As per the genre of memoir, much of the book that I am writing focuses thematically on memory, the function of memory, and its significance in the world. The book starts by begging the question: How do we keep the dead alive for us? Thus, the topic of memory is constantly in my thoughts.
Now, I invoke memory and think back to March of 1994. I was four and a half years old. I lived a little over 1,000 miles from New York City. I was probably playing with my sister in our yard–hide and seek in the garden, climbing trees, chasing our German Shepherd while my sister attempted to collect lizards that zigzagged back and forth across the sidewalk–when Ari Halberstam, a sixteen-year-old Chassidish boy, was shot and killed as he crossed the Brooklyn Bridge. A van full of Yeshiva boys, returning from visiting their Rebbe in the hospital, was tracked and targeted by a Muslim terrorist, Lebanese national who was here on a student visa.
I wonder what exactly I was doing at that moment? Were we playing? Perhaps, we were eating a meal. Maybe I had been taking a nap. All I know is that I didn’t find out about Ari until many years later. A four and a half year old can’t comprehend such injustice and tragedy. Even if I heard about it, I never would have completely understood all of the factors involved: anti-Semitism, terrorism, retaliation, thousands-of-years worth of conflict, etc.
I may have heard about Ari Halberstam as I got older, but I didn’t know the details until recently. I read an article written by his mother, in commemoration of the 18th year anniversary of his murder, as I was sitting at work on my lunch break. I tried to hold back the tears as best as I could, hoping that nobody would notice that I started to cry, apparently out of nowhere.
I attended the trial of my son’s murderer every day. Listening to the testimony, I would see an image in my mind of a faucet and the blood of my son flowing. He was murdered as a living, breathing human being, because someone hated who he was, what he stood for and who he represented. He was a Jew. He was an American. I still cannot understand that. If you would have told Ari that someone murdered him because he was a Jew, he would have never believed you. Ari could never fathom hatred so deep, so vengeful, to cause anyone to be murdered.
His mother’s words spoke to me because of their genuine nature. However, most of all, it was her obsession with keeping his memory alive that spoke the most. She implores us to remember.
It is important to me that the world knows who my Ari was: a charming, handsome, smart, all-American 16-year-old; a 6-foot-tall star on the basketball court wearing a size 131/2 sneaker. He had a permanent smirk on his face, not because he was a snob, but simply because he had the coolest sense of humor. He could mimic anybody to the point where I would laugh until I cried. He had a sparkle and twinkle to his deep-sea blue eyes. He didn’t walk down the street, he glided. He didn’t climb the stairs; he jumped two at a time. He was smooth and graceful as a deer. Focused on where he was going, Ari would fly with ease down the street.
I still wonder about who Ari was in actuality. What was his essence? This is something that is hard to grasp from an article; this is something that is difficult to articulate outside the realm of personal interaction; this is something that the best of writers only breach the surface of, causing you to close a book wishing to have met the characters in person. Ari was not a character in a book; still I read this article wishing to have met him in person. I know that Ari went, in his free time, to visit his Rebbe who was in the hospital. I know that it was on his way back that he was pursued by the terrorist who murdered him. I know that he was a Yeshiva student, and that his chassidish garb gave away his Yiddishkeit. I know that he has a mother who misses him each day, when she wakes up in the morning and when she goes to bed at night. His mother struggles with the same question that I ask in my book, albeit on a much different and more personal level.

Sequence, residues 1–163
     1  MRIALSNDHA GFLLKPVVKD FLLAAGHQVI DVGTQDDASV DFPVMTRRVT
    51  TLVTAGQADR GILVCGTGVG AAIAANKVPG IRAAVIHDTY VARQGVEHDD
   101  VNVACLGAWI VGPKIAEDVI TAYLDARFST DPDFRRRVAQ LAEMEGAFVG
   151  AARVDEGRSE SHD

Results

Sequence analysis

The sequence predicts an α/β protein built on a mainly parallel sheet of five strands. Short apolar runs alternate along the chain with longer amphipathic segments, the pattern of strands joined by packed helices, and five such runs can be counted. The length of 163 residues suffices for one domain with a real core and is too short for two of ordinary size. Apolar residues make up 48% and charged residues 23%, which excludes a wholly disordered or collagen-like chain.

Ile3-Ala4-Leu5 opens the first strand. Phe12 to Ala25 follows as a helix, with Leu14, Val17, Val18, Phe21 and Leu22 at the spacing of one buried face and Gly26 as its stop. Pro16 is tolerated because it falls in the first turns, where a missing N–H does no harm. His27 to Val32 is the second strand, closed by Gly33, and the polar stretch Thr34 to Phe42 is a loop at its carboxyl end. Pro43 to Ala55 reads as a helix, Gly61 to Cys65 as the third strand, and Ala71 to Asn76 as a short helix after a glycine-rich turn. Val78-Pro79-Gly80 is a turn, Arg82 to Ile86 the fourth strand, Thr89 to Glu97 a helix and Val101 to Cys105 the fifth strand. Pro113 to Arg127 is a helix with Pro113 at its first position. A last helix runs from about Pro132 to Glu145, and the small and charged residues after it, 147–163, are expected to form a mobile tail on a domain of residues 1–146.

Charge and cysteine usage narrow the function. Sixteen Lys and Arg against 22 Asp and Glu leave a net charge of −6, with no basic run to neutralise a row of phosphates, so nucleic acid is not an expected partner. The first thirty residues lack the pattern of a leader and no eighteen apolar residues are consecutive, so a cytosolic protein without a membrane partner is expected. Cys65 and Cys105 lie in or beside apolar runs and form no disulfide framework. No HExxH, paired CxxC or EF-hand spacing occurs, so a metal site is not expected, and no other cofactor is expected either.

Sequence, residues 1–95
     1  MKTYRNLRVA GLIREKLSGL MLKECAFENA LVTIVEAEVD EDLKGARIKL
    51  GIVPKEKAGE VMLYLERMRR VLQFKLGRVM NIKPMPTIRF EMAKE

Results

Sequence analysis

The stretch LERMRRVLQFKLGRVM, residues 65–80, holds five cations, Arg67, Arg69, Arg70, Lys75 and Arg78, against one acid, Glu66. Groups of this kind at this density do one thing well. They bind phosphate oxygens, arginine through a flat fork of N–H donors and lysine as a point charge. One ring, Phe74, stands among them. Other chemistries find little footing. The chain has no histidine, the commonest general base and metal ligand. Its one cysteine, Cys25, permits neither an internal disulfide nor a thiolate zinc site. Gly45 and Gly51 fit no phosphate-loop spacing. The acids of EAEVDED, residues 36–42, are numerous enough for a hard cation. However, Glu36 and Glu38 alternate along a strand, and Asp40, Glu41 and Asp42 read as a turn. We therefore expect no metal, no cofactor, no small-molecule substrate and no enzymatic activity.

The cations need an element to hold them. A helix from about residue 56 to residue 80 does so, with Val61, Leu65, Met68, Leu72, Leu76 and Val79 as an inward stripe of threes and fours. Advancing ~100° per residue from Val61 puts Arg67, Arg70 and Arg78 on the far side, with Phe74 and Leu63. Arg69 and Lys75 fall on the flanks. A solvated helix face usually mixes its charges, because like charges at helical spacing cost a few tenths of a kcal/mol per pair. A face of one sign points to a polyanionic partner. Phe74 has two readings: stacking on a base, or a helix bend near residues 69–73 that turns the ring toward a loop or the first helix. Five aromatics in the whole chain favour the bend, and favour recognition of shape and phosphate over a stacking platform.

While there are public memorials to Ari that help to keep his memory alive, I take comfort when I see echoes of his essence in his wonderful sisters and brothers. They all loved their big brother deeply and were influenced by him in so many ways. And yes, I am blessed. I have three beautiful grandchildren named Ari (and several others). They can never replace my oldest son, but with G-d’s help, they will make their own unique contributions to this world in his name and his memory.
Ari stands for the Jewish people. He died because he represents the Jewish people, because he represents you and me, because he represents love of HaShem. He is, in essence, all of our siblings.
All I ask of you is that you remember Ari.
This I tell you, Devorah Haberstam, while I never met Ari in person, you have done a wonderful job of conveying him through your words–which is at times all that one has left. I write this blog as a way to bring tikkun olam, healing of the world through words, and you have allowed your son to become a vehicle for this through his memory that is carried on in your words and the words of those closest to him, as well as putting his memory into action with all of the wonderful causes you have supported and started in his name.
I ask that those who read this learn in the name of Ari Halberstam this Shabbat, as I plan to do this Shabbat ב”ה, in order to help fulfill Devorah’s wish of remembering Ari.
May his memory be for a blessing, now and always.
*PLEASE NOTE* The italicized sections are quoted directly from Devorah Halberstam’s article “Remembering Ari Halberstam, 18 Years Later.” Please read the full article here: http://www.algemeiner.com/2012/03/18/remembering-ari-halberstam-18-years-later/.